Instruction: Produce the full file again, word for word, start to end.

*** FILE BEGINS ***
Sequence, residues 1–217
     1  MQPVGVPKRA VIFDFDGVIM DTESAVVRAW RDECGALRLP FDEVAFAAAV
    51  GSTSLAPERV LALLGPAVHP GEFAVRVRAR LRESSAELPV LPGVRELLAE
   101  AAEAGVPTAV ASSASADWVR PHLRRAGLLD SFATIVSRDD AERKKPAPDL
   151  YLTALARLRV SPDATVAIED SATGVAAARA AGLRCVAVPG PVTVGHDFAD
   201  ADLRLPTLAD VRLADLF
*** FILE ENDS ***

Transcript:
Sequence, residues 1–217
     1  MQPVGVPKRA VIFDFDGVIM DTESAVVRAW RDECGALRLP FDEVAFAAAV
    51  GSTSLAPERV LALLGPAVHP GEFAVRVRAR LRESSAELPV LPGVRELLAE
   101  AAEAGVPTAV ASSASADWVR PHLRRAGLLD SFATIVSRDD AERKKPAPDL
   151  YLTALARLRV SPDATVAIED SATGVAAARA AGLRCVAVPG PVTVGHDFAD
   201  ADLRLPTLAD VRLADLF